THis same facility has parts of it damaged during an enormous river flood in 2013.  I heard some of our staff working there had try to get broken tree branches, wood pieces from entering in the facility equipment and causing damage.  It sounded dangerous to me.  

I was at one in Alanta for their big flood in 2008. We just threw a John boat in the water and removed any obstructions they were having. 
It is a lot easier then you would think to remove the stuff. 

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42 minutes ago, KrAzY said:

I was at one in Alanta for their big flood in 2008. We just threw a John boat in the water and removed any obstructions they were having. 
It is a lot easier then you would think to remove the stuff. 

There were workers inside the treatment plant.  they had stop the machinery inside the facility and climb around, etc.

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A friend from college, a fellow chemistry major, got a job at a wastewater treatment plant in Baltimore when I was a research chemist at a Baltimore chemical production plant.

Every few months, he'd call me up and ask me if anyone in one of our plants poured waste chemicals into the sewer the night before. He didn't want to report anyone, he just wanted to know what the chemical was so he could treat it and restore his algae!  A couple times, it was our people and I'd phone him back and tell him what it was and offer treatment suggestions.

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16 minutes ago, MickinMD said:

A friend from college, a fellow chemistry major, got a job at a wastewater treatment plant in Baltimore when I was a research chemist at a Baltimore chemical production plant.

Every few months, he'd call me up and ask me if anyone in one of our plants poured waste chemicals into the sewer the night before. He didn't want to report anyone, he just wanted to know what the chemical was so he could treat it and restore his algae!  A couple times, it was our people and I'd phone him back and tell him what it was and offer treatment suggestions.

One of the concerns for municipalties….is problem of people pouring pharmaceuticals down the toilet...their medicine.

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On 3/1/2020 at 9:01 PM, shootingstar said:

One of the concerns for municipalties….is problem of people pouring pharmaceuticals down the toilet...their medicine.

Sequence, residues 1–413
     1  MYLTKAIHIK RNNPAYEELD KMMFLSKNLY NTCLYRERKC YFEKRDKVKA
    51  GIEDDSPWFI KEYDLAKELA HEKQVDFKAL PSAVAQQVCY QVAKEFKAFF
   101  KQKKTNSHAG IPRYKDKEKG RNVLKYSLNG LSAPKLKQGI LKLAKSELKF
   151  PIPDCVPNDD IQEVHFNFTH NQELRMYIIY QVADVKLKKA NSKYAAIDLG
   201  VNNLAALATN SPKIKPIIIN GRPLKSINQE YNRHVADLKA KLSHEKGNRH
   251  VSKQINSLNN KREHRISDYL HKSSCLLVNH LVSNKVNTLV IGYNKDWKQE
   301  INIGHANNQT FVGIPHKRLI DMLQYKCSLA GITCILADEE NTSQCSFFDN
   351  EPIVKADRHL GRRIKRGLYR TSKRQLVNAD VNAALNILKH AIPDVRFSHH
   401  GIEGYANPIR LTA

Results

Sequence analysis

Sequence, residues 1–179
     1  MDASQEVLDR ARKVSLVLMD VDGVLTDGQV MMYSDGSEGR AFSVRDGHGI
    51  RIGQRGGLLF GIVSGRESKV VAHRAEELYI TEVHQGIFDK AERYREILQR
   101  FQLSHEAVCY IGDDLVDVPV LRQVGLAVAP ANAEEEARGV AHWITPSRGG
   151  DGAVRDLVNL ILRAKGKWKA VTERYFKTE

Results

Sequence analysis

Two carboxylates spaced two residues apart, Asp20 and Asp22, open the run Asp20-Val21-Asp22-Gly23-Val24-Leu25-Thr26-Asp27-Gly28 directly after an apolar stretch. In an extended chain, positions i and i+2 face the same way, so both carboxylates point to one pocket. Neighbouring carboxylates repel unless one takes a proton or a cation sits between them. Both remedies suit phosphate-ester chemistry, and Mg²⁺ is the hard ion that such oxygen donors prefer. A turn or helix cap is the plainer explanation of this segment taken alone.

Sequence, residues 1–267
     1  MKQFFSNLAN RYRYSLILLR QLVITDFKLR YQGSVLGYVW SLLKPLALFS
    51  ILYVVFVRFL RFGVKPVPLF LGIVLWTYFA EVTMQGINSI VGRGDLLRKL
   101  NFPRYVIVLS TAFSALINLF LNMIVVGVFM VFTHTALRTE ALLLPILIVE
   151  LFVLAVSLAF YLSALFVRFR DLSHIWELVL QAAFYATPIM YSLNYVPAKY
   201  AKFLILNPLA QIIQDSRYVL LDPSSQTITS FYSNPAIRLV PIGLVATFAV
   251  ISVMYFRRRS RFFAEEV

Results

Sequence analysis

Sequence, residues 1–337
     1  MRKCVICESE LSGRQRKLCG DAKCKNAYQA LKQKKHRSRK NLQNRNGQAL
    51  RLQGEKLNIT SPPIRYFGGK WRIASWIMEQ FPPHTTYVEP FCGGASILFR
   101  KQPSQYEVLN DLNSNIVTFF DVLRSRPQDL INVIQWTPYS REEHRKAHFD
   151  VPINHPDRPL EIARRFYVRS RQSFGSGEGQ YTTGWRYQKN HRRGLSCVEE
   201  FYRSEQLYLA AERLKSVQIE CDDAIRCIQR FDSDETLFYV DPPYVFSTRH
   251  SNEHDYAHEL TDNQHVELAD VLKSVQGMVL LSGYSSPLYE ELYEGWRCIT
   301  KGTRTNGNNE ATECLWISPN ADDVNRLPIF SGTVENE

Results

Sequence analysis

I don't know if the problem still exists, but the frequency with which Richard (the wastewater plant chemist) called me shows it happened a lot with plant chemicals in the late 70's - early 80's.  Baltimore harbor, inner and outer harbors, is spectacularly cleaner now than back then.

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RCHarrisPlant19.webp

On 3/1/2020 at 11:44 AM, shootingstar said:

I didn't live far from this still functioning, yet historic water treatment plant in Toronto:  https://www.blogto.com/city/2020/02/rc-harris-water-treatment-plant-toronto/   Too bad, I didn't take time to go on public tour when I lived there.  It was a 10-min. bike ride away.

As a child, I did get a tour of sewage water treatment plant in another city. As little ones, we did walk out abit on walking railed pier over the sewage lagoon outdoors. It did smell. That's all I remembered. I was 8 yrs. old.  

then in prairie city here, I joined about 60 other employees in my dept. on a bus tour of our largest landfill and municipal recycling plant.  It was very cool and made us appreciate some of the work and what other employees had to do in the waste & recycling dept. We saw large plant composting areas...where the soil was turned outdoors. Citizens can drop by with their car/truck and help themselves for free.  We had to stay on bus, because there were dump trucks and other machinery on the site.  I know that engineers have something set up for biomass (methane gas) recycling for power.  And I know that our surveying dept., now uses a drone to measure the survey/GIS points / dimensions of large-scale landfill piles, etc.

Sometimes your city might offer such a public tour. It's an eye-opener.

 

They sure don't build utilities like that any more.

 

 

RCHarrisPlant8.webp

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Used to do maintenance on treatment plants for a summer job.  It's a shitty job but someone has to do it.

 

Actually, I didn't think it was that bad, certainly better than cleaning the hog pens or worse, the farrowing house before the catch trays and auger system.

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I did that for a while when I first went to work at P&W Aircraft.  I was assigned to the calibration lab and sent to the shit farm to rebuild the flowmeter in the input race coming in from the factory. (can you say fn new guy duty).  It was great.  We got used to the smell and no supervisor ever came to see what we were doing (or not doing).